‘Orphan’ thief may go home with mom for Christmas

By Nikita Braxton-Benjamin

THE mother of the 15-year-old cellphone thief who claimed in court he was a hungry and desti­tute orphan showed up in court yesterday, in the case in which her son robbed a man in a wheelchair.

The mother stood next to the boy and said she was willing to have him return home.

But San Fernando Magistrate Lisa Ramsumair-Hinds concluded assessments are to be conducted and should reports be handed over to the court in the next two weeks, he could be home for Christmas.

The boy has been at the Youth Training Centre (YTC)  for the past three weeks since pleading guilty to stealing the phone.

At a previous court appearance before Ramsumair-Hinds, he had told her his mother was deceased.

The following day, he admitted his mother was alive.

State attorney Renuka Ram­bha­jan, who yesterday represen­ted the Children’s Authority, said the moth­er was willing to have her son return to her home.

The mother had earlier said disci­pline issues with her son led to him moving in with her brother about a year ago. She said months ago, he was sent by his aunt to make a purchase at a shop and did not return.

The mother said when she was told this, she made a report to the police who went in search of the boy but were unsuccessful.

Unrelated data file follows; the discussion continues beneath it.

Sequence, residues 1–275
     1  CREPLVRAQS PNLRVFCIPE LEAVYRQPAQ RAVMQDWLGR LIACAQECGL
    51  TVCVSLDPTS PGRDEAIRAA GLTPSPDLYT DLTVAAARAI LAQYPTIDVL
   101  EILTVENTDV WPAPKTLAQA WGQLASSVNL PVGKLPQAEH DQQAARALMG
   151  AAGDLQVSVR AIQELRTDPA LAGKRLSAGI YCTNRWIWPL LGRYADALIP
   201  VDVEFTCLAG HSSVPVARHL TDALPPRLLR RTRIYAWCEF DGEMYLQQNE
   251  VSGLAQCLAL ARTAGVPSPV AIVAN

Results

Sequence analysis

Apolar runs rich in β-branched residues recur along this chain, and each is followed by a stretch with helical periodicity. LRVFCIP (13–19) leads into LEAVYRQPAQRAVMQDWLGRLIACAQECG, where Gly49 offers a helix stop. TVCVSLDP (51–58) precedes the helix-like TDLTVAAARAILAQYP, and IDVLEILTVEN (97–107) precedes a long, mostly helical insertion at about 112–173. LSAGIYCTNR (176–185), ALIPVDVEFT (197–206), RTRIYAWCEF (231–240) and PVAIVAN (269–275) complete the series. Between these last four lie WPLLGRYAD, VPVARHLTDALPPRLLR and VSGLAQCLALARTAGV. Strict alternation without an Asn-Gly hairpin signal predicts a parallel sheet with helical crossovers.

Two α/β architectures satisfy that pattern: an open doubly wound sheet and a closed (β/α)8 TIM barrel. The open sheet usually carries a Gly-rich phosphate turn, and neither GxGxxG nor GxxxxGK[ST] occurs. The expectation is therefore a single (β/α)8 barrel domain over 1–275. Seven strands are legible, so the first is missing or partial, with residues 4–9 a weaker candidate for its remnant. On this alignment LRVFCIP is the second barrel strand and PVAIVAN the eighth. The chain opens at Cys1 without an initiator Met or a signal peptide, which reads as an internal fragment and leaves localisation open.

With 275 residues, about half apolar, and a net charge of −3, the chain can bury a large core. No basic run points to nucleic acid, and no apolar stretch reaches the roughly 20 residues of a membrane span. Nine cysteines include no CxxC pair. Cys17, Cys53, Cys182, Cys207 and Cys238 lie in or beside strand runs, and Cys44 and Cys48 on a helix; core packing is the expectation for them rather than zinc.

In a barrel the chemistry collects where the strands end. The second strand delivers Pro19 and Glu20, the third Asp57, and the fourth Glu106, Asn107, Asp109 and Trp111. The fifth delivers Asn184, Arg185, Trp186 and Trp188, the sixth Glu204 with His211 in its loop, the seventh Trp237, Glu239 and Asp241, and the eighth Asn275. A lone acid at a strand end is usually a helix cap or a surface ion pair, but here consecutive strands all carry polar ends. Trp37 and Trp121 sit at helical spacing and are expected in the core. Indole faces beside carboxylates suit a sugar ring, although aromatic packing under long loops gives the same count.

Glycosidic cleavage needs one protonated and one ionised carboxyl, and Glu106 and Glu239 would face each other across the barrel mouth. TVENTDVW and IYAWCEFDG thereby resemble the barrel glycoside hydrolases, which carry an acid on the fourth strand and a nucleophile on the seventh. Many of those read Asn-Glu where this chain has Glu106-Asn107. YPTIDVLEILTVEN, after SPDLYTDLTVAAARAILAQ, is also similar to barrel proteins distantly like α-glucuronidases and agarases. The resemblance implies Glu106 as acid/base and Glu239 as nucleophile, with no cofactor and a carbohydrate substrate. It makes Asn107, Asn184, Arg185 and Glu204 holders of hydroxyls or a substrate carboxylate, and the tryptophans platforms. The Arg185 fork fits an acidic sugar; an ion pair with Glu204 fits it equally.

She told the court her son had stopped attending school while in Standard Two after he started “breaking biche”. 

“He was ten years old,” the mo­th­er said.

Ramsumair-Hinds told her it was her responsibility to ensure the child went to school.

The mother said this is now being done with her six-year-old child.

“It is good that you are doing it for this little one. In my mind, if you had done that for this one, he wouldn’t be here today. You dropped the ball; when it came to your attention that he wasn’t going (to school), the next step was to carry him. Take him; you had to make sure that he was go­ing,” the magistrate said.

The mother said she was at present living in a one-bedroom apartment with a male compa­nion and the six-year-old son.

Her elder son’s father, she said, died when she was eight months pregnant with the boy. She also has a 19-year-old daughter.

Rambhajan said the Children’s Authority, when properly instated, will be the contact with social services to assist children in need. 

Rambhajan said so far, help had been pledged by members of the public and also from a per­son living abroad who saw the story highlighted in the media.

“Members of the public have to understand that to help this boy, we have to first help you (the mo­ther). If we don’t help you, we don’t help him at all,” she said.

Rambhajan suggested the boy be placed on bail, with conditions, and released into his mother’s care while the authority intervenes.

The magistrate however said an assessment will have to be done before he is allowed to leave YTC.

She said she was greatly trou­bled the teen had been begging on the streets to live.

“This boy, right now, is a pro­duct of all that he was exposed to, most particularly, lack of supervision,” Ramsumair-Hinds said. 

She said while she was dealing with one person before her court, she was affecting a whole family.

She called on the mother to challenge herself and also to show her children strength.

The boy will return to court on December 20.

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